For most of his life, Deacon Gregory Kiley had not been one to become overly involved with politics or government’s inner workings. That all changed last June, however, when he became justice-and-peace coordinator for Catholic Charities of the Finger Lakes as well as Catholic Charities of Wayne County. Since then, he’s spent a substantial amount of time meeting with various legislators throughout the Finger Lakes region and encouraging them to oppose physician-assisted suicide.
The Diocese of Rochester’s Public Policy Committee chose opposition to physician-assisted suicide as the advocacy issue for its 2016-17 Public Policy Agenda, so in February thousands of Catholic parishioners throughout the diocese signed petitions and wrote letters demonstrating their opposition to any legislation that would legalize this type of suicide. Deacon Kiley has been visiting local elected representatives to make them aware of their constituents’ feelings on this issue and present those petitions and letters to them.
“Working with the legislators is different than anything I’ve done before, but I enjoy it. I think it’s really important,” Deacon Kiley said.
Deacon Kiley is no stranger to important work. He got his first taste of prison ministry more than 30 years ago, when he completed a two-month field experience at the Wayne County Jail while he was studying to become a permanent deacon for the Diocese of Rochester. That brief experience led to a 25-year career as a prison chaplain, first at Cayuga Correctional Facility and later at Five Points Correctional Facility in Romulus.
After he retired from the Romulus facility in 2014, Deacon Kiley continued to serve as parish deacon at St. Joseph the Worker Parish. He’d become parish deacon for St. John the Evangelist in Clyde and St. Patrick in Savannah shortly after his ordination in 1991 and later added responsibilities at St. Michael in Lyons when the three parishes clustered and eventually merged to form St. Joseph the Worker in 2012. After retiring from prison ministry he was able to both take on more responsibility at the parish as well as take some time to travel around the country visiting family. Deacon Kiley and his wife, Elena, have six children and 19 grandchildren, with another two grandchildren due to arrive within the next few months, so they had plenty of family members to visit, he said.
By 2016, however, Deacon Kiley was ready to begin serving people in a new way, and soon learned that Catholic Charities of the Finger Lakes and Catholic Charities of Wayne County were looking for someone to serve as their coordinator of justice-and-peace efforts. The job was attractive because it was ministerial, intriguing because it was something Deacon Kiley had never done before, and suitable because it was a part-time position, Deacon Kiley said.
“This is kind of my retirement,” he added with a laugh.
As justice-and-peace coordinator, Deacon Kiley coordinated the procurement and delivery of the approximately 3,500 petitions and letters signed during Public Policy Weekend by Catholics in Yates, Ontario, Seneca, Cayuga and Wayne counties. He also meets with the pastoral leaders of the parishes in those counties and makes himself available to preach at those parishes if their leaders ask him to do so. He also has been involved with efforts to launch Family Promise initiatives in both Ontario and Wayne counties. These programs strive to help homeless families get back on their feet by providing both overnight shelter and meals — through the cooperation of local congregations — as well as a place to go during the day in order to search for jobs and receive case management and other services.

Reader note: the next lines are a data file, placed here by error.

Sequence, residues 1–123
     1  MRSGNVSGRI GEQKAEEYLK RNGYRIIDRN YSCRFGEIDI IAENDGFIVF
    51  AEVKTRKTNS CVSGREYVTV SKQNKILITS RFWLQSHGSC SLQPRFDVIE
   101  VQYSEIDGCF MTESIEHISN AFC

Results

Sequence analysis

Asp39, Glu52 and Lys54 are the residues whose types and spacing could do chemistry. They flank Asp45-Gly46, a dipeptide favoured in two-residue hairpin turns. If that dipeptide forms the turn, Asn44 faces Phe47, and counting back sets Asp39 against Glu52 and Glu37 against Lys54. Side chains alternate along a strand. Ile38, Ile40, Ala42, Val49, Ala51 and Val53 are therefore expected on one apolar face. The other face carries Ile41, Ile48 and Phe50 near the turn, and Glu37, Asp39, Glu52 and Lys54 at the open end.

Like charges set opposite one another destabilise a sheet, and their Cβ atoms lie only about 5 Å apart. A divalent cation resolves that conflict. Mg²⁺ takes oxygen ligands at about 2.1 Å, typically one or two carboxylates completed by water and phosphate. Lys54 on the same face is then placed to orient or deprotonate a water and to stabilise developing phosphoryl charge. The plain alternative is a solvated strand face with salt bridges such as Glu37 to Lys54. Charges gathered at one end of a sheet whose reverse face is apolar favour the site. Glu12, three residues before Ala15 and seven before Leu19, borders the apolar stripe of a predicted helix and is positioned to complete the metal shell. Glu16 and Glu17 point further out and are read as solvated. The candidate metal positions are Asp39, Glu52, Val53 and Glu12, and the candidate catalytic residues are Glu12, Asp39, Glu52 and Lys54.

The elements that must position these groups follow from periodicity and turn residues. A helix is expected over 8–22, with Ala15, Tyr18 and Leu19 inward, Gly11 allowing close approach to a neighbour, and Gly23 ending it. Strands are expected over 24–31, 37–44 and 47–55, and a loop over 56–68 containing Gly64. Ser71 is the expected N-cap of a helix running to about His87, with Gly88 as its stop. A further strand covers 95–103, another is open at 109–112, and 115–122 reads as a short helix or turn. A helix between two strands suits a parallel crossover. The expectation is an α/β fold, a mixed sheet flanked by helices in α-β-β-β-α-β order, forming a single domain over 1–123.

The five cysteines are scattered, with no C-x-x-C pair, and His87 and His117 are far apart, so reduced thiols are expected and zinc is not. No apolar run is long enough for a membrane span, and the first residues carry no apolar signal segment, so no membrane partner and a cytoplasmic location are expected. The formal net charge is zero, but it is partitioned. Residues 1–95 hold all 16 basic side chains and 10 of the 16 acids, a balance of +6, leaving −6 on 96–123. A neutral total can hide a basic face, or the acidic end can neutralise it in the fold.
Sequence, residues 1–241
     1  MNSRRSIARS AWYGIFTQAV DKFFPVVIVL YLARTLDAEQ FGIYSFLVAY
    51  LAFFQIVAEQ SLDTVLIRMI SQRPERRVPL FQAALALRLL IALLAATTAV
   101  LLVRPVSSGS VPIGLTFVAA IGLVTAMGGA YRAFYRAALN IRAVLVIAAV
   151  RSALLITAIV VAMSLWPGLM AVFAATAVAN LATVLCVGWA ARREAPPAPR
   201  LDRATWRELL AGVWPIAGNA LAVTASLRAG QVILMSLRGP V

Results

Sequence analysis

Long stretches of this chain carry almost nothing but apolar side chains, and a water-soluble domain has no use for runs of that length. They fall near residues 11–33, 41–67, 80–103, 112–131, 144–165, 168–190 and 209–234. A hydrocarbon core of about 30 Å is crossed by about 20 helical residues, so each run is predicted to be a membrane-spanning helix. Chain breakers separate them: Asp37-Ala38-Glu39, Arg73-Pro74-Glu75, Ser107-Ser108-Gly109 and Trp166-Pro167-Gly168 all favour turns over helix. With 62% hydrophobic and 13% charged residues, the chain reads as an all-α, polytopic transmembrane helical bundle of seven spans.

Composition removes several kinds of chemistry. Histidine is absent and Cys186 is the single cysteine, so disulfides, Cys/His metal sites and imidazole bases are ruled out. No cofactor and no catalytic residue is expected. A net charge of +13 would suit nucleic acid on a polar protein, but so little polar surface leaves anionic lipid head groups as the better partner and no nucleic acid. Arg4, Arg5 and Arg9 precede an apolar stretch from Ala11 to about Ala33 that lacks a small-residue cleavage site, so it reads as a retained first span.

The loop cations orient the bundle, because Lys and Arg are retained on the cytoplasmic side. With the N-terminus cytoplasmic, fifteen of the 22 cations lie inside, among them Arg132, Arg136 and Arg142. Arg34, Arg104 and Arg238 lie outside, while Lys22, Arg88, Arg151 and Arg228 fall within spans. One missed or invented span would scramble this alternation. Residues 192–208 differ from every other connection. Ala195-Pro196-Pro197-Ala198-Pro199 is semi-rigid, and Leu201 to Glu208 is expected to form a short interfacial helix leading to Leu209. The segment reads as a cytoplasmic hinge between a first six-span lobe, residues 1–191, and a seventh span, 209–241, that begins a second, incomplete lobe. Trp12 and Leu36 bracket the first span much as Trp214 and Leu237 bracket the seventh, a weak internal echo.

Deacon Kiley has helped parish and school groups learn more about poverty through the Just Neighbors curriculum, which was developed by Family Promise. He recently led Just Neighbors classes at St. Patrick Parish in Victor as the parish prepares to become a host congregation with Family Promise of Ontario County, and he has offered the curriculum in local schools and on college campuses, including Hobart and William Smith Colleges in Geneva. The goal of these Just Neighbors classes, he said, is to help people understand the issues, struggles and decisions faced by those who are marginalized, poor or homeless.
“It’s really just to get folks to see that poverty isn’t just not having money,” Deacon Kiley said. “Poverty is not so much that you live below a line, a dollar amount that the federal government sets. Poverty is really a matter of being stuck, where you don’t want to live that life but (can’t escape it).”
Deacon Kiley also is helping to coordinate a poverty simulation that will take place May 20 at St. Mary Church in Canandaigua, which is part of St. Benedict Parish. The role of justice-and-peace coordinator requires a fair amount of ecumenical interaction, he said, noting that he’s invited more than 200 non-Catholic congregations — as well as the local Catholic parishes — to participate in the simulation.
Deacon Kiley said he’s enjoyed his new role with Catholic Charities so far and has met some amazing individuals.
“One of the things that really surprises me, to tell you the truth, is how you will have people who have been involved in social-justice ministry for decades and they’re still faithfully doing it,” he said. “The ones who persevere in it are the ones who, instead of being upset about the way things are, have a certain joy about just being able to keep going in this.”